The intent of the invitation is to take the time to ‘be’ different. Our trainings created a safe space to explore racism. Each participant shared rich information including their cultural heritage, who they are, what they think, how their family came to North America, etc. The space that was opened was one in which everyone could show their caring for each other. Typically the trainings were provided to organizations or programs within organizations so people knew each other to varying extents. The process involved engaging our innate curious inquiry and heart-felt compassion to reach for a deep connection, for deeper understanding. In this way we experienced individually and collectively an opening up of our minds which allowed for more honestly, cultural sensitivity and authenticity in our professional and personal relationships.
      What I see pervasively practiced in our culture is people wearing a protective perceptual lens based on their illusion of fear and separation. Racism is one part of the multi-oppression based fear and separation. That learned (not innate) perceptual lens gets fueled by our increasing out-of-control capitalism including the exploitation of all things human and environmental which contributes to the increased violence and disrespect for humanity that currently exists. Sadly and ironically I find that much of my work in the world is about re-learning how to be human and humane and I often do this by facilitating dialogues of discovery. Dialogues create opportunities to evolve our consciousness forward by creating a space where our hearts and minds are open, there is no application of judgment and everyone’s thinking is accurate based on the individual’s perception. Ideally what is created is a synchronistic and harmonious coming together which is hard to describe unless you have been there. The ideal outcome of dialogue is that it lifts us to transcend our cultural conditioning and become aware of the following processes:

      – Sometimes (probably more often that we like to admit) we notice that our thinking gets stuck on a particular belief (e.g., based on racism, mental health oppression, etc.) or ideology that we have not thoroughly examined and let go. It may indicate that more reflection may deepen our awareness or self-knowledge.
      – We see other ways of thinking and being in the world as valid and good – and that means that more possibilities and relationships open up. Our heart and mind expand, our perceptual barriers dissolve. We see life more clearly.
      – When we transcend our social conditioning we become more open to co-creating a new paradigm. In this fertile ground of openness, we think more creatively and therefore can more effectively co-create the communities we want. When the war in our mind ends, peace emerges. And yes, racism in one of the ways we wage war in our mind.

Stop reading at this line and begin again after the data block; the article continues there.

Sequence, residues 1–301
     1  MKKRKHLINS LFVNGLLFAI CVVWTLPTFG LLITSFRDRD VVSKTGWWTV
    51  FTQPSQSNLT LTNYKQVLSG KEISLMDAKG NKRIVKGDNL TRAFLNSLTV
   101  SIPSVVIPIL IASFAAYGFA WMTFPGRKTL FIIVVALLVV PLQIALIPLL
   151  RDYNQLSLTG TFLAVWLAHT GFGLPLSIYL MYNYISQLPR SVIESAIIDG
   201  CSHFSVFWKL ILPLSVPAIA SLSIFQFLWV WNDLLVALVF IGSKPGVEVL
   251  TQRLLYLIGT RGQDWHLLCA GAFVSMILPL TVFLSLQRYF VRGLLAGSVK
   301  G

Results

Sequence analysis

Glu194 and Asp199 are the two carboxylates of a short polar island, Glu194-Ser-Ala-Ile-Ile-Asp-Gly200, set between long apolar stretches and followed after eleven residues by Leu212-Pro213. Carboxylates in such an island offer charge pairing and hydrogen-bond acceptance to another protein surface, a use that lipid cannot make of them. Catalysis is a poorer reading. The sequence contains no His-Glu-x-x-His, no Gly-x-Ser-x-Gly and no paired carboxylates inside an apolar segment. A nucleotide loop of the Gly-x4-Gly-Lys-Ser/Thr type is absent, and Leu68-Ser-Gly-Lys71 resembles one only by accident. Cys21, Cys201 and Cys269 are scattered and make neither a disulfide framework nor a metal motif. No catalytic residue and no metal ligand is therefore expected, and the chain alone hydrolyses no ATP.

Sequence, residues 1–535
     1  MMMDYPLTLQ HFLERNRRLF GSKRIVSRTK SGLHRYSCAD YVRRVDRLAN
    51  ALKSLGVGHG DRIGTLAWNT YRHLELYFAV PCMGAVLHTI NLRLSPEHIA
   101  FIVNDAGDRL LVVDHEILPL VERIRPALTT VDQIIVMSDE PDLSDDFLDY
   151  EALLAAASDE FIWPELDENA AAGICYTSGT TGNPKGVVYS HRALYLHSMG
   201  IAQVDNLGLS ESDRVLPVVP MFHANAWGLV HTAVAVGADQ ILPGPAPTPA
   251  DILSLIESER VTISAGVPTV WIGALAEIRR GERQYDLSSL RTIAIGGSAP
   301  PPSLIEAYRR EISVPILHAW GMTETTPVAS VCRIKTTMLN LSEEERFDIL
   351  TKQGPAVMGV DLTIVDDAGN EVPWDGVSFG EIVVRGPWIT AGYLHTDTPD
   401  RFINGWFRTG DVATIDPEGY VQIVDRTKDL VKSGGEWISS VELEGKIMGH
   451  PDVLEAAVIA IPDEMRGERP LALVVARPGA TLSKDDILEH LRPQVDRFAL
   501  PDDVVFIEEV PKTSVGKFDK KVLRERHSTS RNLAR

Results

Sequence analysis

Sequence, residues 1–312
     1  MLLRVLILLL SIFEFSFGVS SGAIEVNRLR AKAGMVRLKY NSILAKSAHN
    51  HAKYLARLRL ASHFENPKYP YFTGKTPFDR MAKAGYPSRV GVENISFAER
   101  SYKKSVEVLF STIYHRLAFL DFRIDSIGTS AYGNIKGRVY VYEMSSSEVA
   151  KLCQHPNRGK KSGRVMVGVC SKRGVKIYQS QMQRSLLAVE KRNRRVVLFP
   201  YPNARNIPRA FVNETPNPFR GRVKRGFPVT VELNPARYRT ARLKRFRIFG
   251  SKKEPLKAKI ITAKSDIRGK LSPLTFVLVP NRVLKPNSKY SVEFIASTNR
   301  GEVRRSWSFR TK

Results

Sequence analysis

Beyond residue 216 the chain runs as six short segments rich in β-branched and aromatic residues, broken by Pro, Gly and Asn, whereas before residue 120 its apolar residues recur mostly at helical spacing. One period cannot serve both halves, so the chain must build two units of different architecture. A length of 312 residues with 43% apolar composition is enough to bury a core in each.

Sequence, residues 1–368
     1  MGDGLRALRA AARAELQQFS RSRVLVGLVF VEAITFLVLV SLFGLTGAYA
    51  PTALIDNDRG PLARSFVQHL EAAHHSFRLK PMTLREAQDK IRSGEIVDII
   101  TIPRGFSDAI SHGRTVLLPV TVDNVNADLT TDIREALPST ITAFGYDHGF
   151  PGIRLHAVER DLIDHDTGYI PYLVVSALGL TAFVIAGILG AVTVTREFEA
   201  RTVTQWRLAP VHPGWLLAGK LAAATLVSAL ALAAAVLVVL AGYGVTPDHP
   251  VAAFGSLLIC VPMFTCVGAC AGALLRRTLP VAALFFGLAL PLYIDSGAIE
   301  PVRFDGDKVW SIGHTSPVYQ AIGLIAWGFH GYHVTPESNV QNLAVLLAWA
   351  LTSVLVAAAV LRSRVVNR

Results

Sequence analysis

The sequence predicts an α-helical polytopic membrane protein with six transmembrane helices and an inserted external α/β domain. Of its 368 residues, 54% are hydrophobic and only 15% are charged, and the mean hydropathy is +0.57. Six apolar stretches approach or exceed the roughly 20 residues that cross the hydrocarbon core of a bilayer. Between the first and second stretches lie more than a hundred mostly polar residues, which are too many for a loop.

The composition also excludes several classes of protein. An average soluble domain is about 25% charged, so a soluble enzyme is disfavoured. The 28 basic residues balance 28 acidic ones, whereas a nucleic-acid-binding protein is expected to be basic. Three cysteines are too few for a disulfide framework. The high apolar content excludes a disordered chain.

Practicing this process (opening my heart and mind in a process of liberation) allows me to envision a world without racism – or any oppression for that matter. Embodying hope, I can see a world made up of culturally rich and inclusive communities where every one is respected and valued and given the dignity they deserve.
      On a separate note, I think the excellent article which you cited has many important actions that people can take and should select some of these actions to take if they want to work towards racial justice and perhaps to begin to work on the edges of their own white racism.
      There was one action step in the article you cited that I thought was particularly interesting and relatively easy to do so I copied it below. Can you imagine how we might contribute to ending racist police policies and actions if a lot of white people started filming these injustices?
      8. If You See Injustice Occurring, Do Not Stand Silently or Walk on By. Do you see police officers engaging in a stop-and-frisk interaction? It turns out that it is entirely legal to film police interactions without interfering. Hold police accountable. Watch them. They may be less likely to engage in outright violence if they are being filmed. If not, the video can be critical evidence as police can claim that they were being assaulted, or charge disorderly conduct, when video evidence clearly refutes these claims. There are apps and organizations that accumulate these videos and data. Use them.

      What the article did not mention, however, was the internal work – the emotional and perceptual work we can do to embody justice not only in our minds but in our hearts. How do we genuinely heal from the damage of racism and internalized racism, as well as mental health oppression, adultism and all form of oppression? We can change all the laws in the land – and we have changed many laws (civil rights laws, employment laws via the Equal Employment Opportunity Commission and the Americans with Disability Act laws) but that doesn’t change attitudes. I hope I have sufficiently planted a seed for future conversation that will address the emotional and perceptual or attitudinal issues and how we can come to truly embody justice for all – in our laws and in our hearts. It is good that we have opened this conversation to speak more honestly about oppression and particularly racism. All oppressions are linked so as we clean up the damage done by the internalization of one form of oppression we are cleaning up or freeing ourselves from the damage from other forms of oppression.